Monday, 10 Dec 2018

Dozens of ex-cons are on the run in England where Scottish police can not stop them

A shocking loophole in the law has allowed dozens of dangerous convicts released on labels to flee to England – where the Scottish police can not stop them.

An official prison monitoring report revealed last June that 26 Scottish prisoners were "illegally free" in England, half of the 54 who had escaped after being released on Home Detention Curfew tags ( HDC).

It was recommended to suspend this practice until communication with the authorities south of the border is improved.

The system's problems came after the murder of Craig McCelland in Paisley, the Daily Record reported.

The father of three children was stabbed to death by James Wright, 25, who had escaped the law for six months after destroying his label before conducting the random attack.

James Wright (photo) murdered Craig McClelland, father of three, while he was "illegally at large"

The assassination led the Scottish Prison Inspectorate (HMIPS) to order a review of the system last July.

"It should be seriously considered to temporarily suspend HDC outings from Scotland until a more rigorous communication protocol is developed between the Scottish Police of the Scottish Prison Service (SPS) and the Scottish Penitentiary Service (SPS). English authorities with regard to the licensing review and revocation process. "

The SPS was forced to review its procedures.

But rather than ending the practice of releasing prisoners to addresses in England, they instead identified contacts with the police forces of England and Wales.

The hope is that English officers will be able to locate offenders in areas where Scottish police have no jurisdiction.

An SPS response to the HMIPS recommendation added that information would be placed on the national police computer and on the Scottish police informed of the license violation.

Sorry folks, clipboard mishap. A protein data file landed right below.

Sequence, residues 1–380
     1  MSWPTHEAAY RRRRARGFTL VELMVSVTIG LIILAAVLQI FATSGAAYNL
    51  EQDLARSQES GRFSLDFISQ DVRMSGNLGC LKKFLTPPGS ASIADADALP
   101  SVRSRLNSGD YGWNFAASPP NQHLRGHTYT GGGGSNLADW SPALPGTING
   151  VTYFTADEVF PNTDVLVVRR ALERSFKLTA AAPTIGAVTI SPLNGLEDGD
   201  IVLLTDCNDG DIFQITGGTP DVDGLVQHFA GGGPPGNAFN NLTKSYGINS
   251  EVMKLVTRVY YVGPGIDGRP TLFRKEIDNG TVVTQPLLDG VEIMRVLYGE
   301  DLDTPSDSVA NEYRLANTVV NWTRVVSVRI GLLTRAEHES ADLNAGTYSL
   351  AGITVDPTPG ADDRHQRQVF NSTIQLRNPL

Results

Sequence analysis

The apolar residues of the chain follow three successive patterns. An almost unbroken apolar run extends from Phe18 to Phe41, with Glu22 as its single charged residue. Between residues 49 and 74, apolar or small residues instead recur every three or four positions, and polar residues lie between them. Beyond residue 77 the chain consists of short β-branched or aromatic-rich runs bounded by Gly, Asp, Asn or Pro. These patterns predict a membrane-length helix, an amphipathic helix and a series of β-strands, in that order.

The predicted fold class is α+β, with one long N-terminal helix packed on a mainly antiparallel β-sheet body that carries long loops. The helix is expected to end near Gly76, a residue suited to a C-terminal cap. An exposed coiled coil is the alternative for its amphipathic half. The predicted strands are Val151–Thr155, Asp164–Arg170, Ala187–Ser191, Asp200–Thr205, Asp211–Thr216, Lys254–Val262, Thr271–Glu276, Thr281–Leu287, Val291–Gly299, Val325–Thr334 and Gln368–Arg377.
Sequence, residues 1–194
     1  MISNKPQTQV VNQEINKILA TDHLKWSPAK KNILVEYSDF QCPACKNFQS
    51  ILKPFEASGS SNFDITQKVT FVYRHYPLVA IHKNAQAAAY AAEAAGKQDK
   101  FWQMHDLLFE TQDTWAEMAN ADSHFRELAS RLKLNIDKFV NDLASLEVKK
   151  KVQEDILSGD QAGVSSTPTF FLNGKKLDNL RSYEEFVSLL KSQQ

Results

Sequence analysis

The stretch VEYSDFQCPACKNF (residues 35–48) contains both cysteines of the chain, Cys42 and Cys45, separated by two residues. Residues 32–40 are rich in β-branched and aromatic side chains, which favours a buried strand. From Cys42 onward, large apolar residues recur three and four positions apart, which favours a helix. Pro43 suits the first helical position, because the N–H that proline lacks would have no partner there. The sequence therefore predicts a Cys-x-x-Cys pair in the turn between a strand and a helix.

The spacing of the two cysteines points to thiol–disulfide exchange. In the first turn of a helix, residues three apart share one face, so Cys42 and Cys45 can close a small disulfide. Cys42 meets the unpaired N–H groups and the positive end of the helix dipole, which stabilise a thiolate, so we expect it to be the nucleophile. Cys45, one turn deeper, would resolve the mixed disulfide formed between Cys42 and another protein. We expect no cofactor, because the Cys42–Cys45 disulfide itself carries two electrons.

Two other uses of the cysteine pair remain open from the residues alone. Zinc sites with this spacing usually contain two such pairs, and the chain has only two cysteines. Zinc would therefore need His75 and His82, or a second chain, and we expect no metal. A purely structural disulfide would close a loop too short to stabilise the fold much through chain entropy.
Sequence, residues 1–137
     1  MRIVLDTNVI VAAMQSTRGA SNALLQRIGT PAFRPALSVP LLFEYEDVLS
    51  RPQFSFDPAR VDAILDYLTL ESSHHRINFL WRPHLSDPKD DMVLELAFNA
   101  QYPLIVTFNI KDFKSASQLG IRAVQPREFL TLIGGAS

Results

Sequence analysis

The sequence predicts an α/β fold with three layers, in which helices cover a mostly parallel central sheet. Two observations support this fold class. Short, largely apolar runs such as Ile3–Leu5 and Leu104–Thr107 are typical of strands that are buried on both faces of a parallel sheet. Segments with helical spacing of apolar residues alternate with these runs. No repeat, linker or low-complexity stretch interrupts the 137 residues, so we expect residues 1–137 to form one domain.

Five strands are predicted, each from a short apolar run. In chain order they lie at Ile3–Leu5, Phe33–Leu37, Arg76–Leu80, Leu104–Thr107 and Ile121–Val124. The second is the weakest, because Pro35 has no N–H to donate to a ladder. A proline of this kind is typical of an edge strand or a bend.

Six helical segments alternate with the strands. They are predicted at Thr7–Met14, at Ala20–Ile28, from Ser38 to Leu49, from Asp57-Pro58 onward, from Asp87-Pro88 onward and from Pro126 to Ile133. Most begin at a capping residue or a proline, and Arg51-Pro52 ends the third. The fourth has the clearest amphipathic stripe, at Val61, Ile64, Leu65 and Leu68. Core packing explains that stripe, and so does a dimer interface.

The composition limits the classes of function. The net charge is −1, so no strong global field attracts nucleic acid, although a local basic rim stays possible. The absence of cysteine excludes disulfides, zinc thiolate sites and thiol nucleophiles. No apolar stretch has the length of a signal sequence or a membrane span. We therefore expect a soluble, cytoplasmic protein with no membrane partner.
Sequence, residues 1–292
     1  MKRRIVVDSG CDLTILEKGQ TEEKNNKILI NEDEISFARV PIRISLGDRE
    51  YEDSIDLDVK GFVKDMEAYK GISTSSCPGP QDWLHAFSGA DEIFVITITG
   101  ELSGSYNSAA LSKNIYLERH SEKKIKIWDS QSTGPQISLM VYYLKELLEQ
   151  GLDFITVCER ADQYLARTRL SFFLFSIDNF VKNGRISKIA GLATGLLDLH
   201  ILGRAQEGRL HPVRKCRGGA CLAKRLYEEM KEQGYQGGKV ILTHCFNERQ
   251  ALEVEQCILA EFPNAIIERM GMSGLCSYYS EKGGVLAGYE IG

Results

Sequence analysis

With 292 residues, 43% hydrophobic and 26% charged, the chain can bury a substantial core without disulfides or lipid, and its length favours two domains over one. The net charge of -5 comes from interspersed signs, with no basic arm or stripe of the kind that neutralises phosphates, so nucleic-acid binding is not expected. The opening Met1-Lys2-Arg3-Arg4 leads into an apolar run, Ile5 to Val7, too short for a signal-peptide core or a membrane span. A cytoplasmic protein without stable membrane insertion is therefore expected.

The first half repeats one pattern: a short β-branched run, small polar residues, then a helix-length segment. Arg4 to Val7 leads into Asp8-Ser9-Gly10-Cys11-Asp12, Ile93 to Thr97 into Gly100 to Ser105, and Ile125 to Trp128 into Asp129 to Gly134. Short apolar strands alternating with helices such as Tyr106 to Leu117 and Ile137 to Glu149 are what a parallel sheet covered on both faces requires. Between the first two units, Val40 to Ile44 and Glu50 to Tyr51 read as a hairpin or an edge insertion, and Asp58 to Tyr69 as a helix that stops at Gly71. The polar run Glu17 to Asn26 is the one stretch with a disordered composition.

The assassination of Mr. McClelland revealed the fault

Moira Ramage, a former District Attorney General and a member of the Scottish Parole Board, believes that Scottish prisoners should not be allowed to give out-of-country addresses for house arrest.

She said, "A prisoner should have to provide an address in Scotland before applying for a label.

"They should stay in an area where the Scottish police can stop them if necessary."

Neil Bibby MSP added: "Any loophole in the home-arrest curfew system that can put the public at risk must be shut down and quickly shut down.

"After the tragic assassination of Craig McClelland, confidence in the HDC has been seriously shaken and the Scottish government has a responsibility to act quickly and reassure the public."

Liam Kerr, spokesman for Scottish and Conservative Justice, said: "It should not be difficult to solve this problem, especially with regard to public security on both sides of the border.

"It's clear that the police here and in England need to work together to develop a plan."

The father of three children (photo) was killed after six months of escape from his aggressor

Of the 26 prisoners illegally released in England on June 18, 11 were re-detained prior to the release of the HMIPS report in October.

In the final draft provided by the SPS, notes indicated that five investigations were pending, while three others were still ongoing.

A small number of them were again in detention for separate cases.

A spokesman for the SPS said: "The Scottish police do not have jurisdiction in England, but the English forces can and they can act on future information via the national police computer, as it is the case in the past.

"The HMIPS recommendation was that a more rigorous communication protocol be put in place and we did it. The details are in the report.

He added that in the last 13 months, 42 of the 1349 prisoners released at home had been allowed to travel to England and that during this period, eight people who had fled had been released. detention.

A spokesman for the Scottish Government said: "Police Scotland and the SPS have worked together to establish a single point of contact in the 43 police forces of England and Wales, with clear procedures to alert the police. force concerned and the national probation service in the event of an offense. "

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Main reports of Mirror Online


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